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ALSO BY JAMES REDFIELD
The Celestine Prophecy
The Tenth Insight: Holding the Vision
BY JAMES REDFIELD AND CAROL ADRIENNE
The Celestine Prophecy: An Experiential Guide
The Tenth Insight: Holding the Vision: An Experiential Guide
Copyright © 1996 by James Redfield
All rights reserved. Except as permitted under the U.S. Copyright Act of 1976, no part of this publication may be reproduced, distributed, or transmitted in any form or by any means, or stored in a database or retrieval system, without the prior written permission of the publisher.
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First eBook Edition: November 2009
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My heartfelt thanks to everyone who had a part in this book, particularly Joann Davis at Warner Books for her ongoing guidance and Albert Gaulden for his sage counsel. And certainly, my friends in the Blue Ridge Mountains, who keep the fires of a safe haven burning.
IMAGING THE PATH
I walked out to the edge of the granite overhang and looked northward at the scene below. Stretching across my view was a large Appalachian valley of striking beauty, perhaps six or seven, miles long and five miles wide. Along the length of the valley ran a winding stream that coursed through stretches of open meadowland and thick, colorful forests—old forests, with trees standing hundreds of feet high.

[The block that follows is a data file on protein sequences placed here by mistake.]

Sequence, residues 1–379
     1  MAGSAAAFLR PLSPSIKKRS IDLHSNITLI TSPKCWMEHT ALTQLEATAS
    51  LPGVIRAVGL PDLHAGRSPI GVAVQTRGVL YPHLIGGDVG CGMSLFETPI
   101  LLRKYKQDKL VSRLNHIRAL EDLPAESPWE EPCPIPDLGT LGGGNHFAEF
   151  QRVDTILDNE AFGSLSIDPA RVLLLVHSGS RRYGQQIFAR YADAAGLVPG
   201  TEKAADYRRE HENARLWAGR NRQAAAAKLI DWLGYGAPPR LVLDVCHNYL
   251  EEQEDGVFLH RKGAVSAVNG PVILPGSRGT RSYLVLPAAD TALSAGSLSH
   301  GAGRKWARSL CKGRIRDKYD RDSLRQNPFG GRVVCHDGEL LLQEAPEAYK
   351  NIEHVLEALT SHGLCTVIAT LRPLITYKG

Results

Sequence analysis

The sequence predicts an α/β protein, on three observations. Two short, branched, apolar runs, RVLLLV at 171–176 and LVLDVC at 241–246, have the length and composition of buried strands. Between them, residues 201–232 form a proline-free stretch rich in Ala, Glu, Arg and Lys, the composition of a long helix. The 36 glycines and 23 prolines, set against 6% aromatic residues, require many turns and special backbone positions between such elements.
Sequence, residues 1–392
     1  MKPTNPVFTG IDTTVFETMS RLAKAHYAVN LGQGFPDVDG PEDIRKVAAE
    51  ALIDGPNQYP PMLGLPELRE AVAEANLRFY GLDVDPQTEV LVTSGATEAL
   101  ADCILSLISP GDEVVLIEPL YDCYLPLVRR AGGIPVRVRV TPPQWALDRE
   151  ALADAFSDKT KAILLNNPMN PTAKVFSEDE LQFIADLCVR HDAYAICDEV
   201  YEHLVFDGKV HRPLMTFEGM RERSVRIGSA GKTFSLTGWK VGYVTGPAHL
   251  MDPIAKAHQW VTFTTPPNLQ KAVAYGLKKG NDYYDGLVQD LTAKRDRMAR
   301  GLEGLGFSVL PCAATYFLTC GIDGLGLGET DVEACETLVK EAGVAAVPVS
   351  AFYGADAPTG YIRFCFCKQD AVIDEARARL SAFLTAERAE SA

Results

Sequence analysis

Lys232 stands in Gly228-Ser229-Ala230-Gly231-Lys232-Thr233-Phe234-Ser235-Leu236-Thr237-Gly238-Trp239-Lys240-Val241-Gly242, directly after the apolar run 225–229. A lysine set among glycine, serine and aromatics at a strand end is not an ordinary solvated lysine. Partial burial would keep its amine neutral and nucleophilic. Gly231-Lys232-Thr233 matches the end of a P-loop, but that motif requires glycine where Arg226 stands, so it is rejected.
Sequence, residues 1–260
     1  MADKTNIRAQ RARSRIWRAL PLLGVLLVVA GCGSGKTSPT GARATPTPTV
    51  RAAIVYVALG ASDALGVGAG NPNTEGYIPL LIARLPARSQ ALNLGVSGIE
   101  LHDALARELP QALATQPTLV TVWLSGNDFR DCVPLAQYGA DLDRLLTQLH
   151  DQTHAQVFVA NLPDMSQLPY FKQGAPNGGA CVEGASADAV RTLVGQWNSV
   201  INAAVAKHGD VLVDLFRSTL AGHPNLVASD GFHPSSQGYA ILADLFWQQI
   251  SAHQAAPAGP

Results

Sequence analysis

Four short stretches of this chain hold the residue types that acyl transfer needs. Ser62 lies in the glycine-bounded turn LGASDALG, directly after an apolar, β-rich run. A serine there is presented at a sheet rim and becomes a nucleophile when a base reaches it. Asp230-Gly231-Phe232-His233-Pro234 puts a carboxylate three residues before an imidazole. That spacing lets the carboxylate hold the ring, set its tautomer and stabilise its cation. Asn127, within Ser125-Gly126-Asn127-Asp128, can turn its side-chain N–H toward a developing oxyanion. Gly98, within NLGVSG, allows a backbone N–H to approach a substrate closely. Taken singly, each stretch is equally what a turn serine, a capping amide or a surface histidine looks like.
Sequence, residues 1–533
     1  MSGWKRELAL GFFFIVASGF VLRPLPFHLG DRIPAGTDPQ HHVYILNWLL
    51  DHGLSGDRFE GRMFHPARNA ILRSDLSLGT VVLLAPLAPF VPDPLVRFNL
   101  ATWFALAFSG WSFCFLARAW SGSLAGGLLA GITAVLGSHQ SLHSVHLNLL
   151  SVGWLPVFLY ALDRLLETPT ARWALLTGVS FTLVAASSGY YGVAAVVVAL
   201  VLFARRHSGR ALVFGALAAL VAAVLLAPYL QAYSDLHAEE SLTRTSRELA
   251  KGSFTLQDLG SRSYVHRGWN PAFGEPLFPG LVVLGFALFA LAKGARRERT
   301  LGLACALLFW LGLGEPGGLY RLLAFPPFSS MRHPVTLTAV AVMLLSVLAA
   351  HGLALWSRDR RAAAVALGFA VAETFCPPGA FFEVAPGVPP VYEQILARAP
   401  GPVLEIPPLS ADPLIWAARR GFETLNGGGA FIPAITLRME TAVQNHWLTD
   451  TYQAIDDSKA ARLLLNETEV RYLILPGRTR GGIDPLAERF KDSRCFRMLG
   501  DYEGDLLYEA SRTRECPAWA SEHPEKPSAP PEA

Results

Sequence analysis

I glanced down at the crude map in my hand. Everything in the valley coincided with the drawing exactly: the steep ridge on which I was standing, the road leading down, the description of the landscape and the stream, the rolling foothills beyond. This had to be the place Charlene had sketched on the note found in her office. Why had she done that? And why had she disappeared?
Over a month had now passed since Charlene had last contacted her associates at the research firm where she worked, and by the time Frank Sims, her officemate, had thought to call me, he had become clearly alarmed.
"She often goes off on her own tangents," he had said. "But she's never disappeared for this long before, and never when she had meetings already set with long-term clients. Something's not right."
"How did you know to call me?" I asked.
He responded by describing part of a letter, found in Charlene's office, that I had written to her months earlier chronicling my experiences in Peru. With it, he told me, was a scribbled note that contained my name and telephone number.
"I'm calling everyone I know who is associated with her," he added. "So far, no one seems to know a thing. Judging from the letter, you're a friend of Charlene's. I was hoping you had heard from her."
"Sorry," I told him. "I haven't talked to her in four months."